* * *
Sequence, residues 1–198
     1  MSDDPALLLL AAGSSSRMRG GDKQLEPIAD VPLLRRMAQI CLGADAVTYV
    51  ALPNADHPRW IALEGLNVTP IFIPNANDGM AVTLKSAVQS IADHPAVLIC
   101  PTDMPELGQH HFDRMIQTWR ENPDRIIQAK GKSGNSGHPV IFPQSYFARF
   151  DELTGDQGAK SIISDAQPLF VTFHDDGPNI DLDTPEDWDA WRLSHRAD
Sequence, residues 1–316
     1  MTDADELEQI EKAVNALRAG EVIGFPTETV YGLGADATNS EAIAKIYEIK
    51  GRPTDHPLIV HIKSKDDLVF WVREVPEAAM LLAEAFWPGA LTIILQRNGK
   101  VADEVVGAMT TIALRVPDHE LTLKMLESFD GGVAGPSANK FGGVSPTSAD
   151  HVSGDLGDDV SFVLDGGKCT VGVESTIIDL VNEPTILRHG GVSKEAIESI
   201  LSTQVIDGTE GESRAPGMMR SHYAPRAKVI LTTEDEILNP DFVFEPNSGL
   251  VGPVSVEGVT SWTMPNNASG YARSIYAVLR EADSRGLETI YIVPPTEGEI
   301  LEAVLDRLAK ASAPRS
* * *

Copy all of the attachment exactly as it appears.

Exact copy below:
Sequence, residues 1–198
     1  MSDDPALLLL AAGSSSRMRG GDKQLEPIAD VPLLRRMAQI CLGADAVTYV
    51  ALPNADHPRW IALEGLNVTP IFIPNANDGM AVTLKSAVQS IADHPAVLIC
   101  PTDMPELGQH HFDRMIQTWR ENPDRIIQAK GKSGNSGHPV IFPQSYFARF
   151  DELTGDQGAK SIISDAQPLF VTFHDDGPNI DLDTPEDWDA WRLSHRAD
Sequence, residues 1–316
     1  MTDADELEQI EKAVNALRAG EVIGFPTETV YGLGADATNS EAIAKIYEIK
    51  GRPTDHPLIV HIKSKDDLVF WVREVPEAAM LLAEAFWPGA LTIILQRNGK
   101  VADEVVGAMT TIALRVPDHE LTLKMLESFD GGVAGPSANK FGGVSPTSAD
   151  HVSGDLGDDV SFVLDGGKCT VGVESTIIDL VNEPTILRHG GVSKEAIESI
   201  LSTQVIDGTE GESRAPGMMR SHYAPRAKVI LTTEDEILNP DFVFEPNSGL
   251  VGPVSVEGVT SWTMPNNASG YARSIYAVLR EADSRGLETI YIVPPTEGEI
   301  LEAVLDRLAK ASAPRS